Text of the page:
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Keith's take on Washington DC Metro area remodeling environment

by Keith Vaughan

Since the economic downturn in 2008, homeowners are finally feeling more comfortable about engaging in major home renovation projects. In fact, the US is expected to see a 4 percent increase in renovation spending in 2015, according to the Residential Remodeling Index, a product of Hanley Wood's Metrostudy unit.

So, what does this uptick mean for the average homeowner in the Washington DC Metro area?

With the aging housing stock in DC and surrounding areas, home renovation is becoming a necessity as much as it is a luxury. According to the National Association of Home Builders, 78 percent of houses in the District of Columbia and 40 percent in neighboring Montgomery County, Maryland were built before 1970. That shouldn't be surprising considering the northeast ranks number on in average home age nationwide.

A lot can happen to an older home: floorplan styles change based on lifestyle needs, appliances become outdate, lighting needs change, fixtures deteriorate and roofs and siding succumb to years of weathering to name a few. Additionally, older homes commonly had a single bathroom, limited closets, small kitchens, no family room and closed-in spaces.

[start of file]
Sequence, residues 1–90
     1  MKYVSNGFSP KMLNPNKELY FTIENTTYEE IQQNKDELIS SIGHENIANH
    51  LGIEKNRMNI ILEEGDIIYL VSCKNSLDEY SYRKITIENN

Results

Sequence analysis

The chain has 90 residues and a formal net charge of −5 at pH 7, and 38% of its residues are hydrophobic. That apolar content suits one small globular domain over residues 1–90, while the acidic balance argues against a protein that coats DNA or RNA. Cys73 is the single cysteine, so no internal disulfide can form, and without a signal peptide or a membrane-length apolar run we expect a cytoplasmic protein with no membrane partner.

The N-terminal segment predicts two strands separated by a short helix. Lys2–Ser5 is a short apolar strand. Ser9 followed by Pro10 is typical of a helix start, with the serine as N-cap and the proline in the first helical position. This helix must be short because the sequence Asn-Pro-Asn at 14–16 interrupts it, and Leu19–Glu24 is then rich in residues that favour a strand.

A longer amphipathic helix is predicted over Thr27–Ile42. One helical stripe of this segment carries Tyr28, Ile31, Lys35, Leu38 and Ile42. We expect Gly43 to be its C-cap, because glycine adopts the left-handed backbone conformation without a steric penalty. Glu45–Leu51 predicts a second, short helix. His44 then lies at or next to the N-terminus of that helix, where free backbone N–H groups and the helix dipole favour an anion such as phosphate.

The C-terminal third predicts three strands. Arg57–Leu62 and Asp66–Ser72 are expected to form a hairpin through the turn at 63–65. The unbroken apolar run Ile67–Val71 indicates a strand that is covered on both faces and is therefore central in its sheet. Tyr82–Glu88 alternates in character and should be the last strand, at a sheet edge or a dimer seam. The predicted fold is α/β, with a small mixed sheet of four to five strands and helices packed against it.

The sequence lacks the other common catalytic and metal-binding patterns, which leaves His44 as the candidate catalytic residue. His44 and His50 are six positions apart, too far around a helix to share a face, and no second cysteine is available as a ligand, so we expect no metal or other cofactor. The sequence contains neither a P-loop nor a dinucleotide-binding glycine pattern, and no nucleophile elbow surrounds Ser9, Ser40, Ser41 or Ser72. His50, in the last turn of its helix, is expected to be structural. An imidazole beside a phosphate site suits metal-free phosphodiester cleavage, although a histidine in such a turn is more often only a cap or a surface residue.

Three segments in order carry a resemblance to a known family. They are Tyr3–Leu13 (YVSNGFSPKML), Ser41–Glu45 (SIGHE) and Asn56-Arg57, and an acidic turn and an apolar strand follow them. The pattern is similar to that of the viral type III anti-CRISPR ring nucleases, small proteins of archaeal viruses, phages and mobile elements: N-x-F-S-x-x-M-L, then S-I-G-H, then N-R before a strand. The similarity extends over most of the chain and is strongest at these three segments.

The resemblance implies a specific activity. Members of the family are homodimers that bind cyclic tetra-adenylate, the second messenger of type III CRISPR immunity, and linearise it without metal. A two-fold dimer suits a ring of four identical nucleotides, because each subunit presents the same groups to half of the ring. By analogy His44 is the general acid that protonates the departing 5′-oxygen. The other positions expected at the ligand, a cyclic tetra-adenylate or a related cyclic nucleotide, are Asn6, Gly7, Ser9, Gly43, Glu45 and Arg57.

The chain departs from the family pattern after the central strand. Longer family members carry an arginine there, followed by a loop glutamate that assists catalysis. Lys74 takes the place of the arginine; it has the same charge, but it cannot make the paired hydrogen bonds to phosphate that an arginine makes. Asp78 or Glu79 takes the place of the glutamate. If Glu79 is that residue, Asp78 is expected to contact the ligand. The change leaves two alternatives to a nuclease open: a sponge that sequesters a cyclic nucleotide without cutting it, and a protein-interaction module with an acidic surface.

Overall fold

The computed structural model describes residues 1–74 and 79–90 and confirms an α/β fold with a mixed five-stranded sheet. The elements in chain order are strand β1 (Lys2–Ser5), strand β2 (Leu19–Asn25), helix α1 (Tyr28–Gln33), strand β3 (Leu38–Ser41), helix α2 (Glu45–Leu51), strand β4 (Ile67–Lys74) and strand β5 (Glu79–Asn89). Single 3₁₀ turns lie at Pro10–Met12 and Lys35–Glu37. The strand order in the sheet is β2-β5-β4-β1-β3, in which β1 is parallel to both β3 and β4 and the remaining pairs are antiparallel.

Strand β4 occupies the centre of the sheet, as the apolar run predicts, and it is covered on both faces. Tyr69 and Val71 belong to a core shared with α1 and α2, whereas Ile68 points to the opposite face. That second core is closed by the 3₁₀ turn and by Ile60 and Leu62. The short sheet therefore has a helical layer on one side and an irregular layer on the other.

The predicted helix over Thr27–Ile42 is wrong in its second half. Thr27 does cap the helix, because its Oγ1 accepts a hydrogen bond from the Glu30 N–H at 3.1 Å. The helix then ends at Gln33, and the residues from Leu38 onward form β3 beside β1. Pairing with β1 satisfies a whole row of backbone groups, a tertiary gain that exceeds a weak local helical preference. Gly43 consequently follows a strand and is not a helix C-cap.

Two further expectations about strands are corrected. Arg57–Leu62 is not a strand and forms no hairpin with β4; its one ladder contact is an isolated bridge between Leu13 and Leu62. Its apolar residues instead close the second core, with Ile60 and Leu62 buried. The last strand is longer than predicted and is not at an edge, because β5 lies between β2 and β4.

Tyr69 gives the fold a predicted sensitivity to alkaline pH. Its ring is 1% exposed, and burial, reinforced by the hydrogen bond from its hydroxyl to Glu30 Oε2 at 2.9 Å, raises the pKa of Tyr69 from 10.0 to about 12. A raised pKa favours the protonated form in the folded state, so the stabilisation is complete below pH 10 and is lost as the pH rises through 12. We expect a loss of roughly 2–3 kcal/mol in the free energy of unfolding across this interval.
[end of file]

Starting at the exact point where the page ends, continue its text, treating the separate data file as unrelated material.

Major home projects and renovation are no longer reserved solely for multi-million dollar homes. Housing data suggests that up and coming neighborhoods are experiencing economic resurgences and are becoming hotspots for homeowners looking to move, update, or simply add value to their homes. A well-organized renovation or addition can bring new life to an older home and its neighborhood.

From our design build persepective, more homeowners are choosing to stay in their current homes and bring existing housing stock into the 21st century with additions or smart renovations to suit their needs. Installing a new bathroom, updating a kitchen, adding storage closets and shelving, or opening up a floor plan can bring new functionality, comfort, and style to a home. Additionally, common sense says: using our existing housing stock is an environmentally-conscious decision.

Keep in mind, not all remodelers have experience dealing with homes that are more than several decades old. You need an experienced remodeler in order to truly transform your home into the living space of your dreams.



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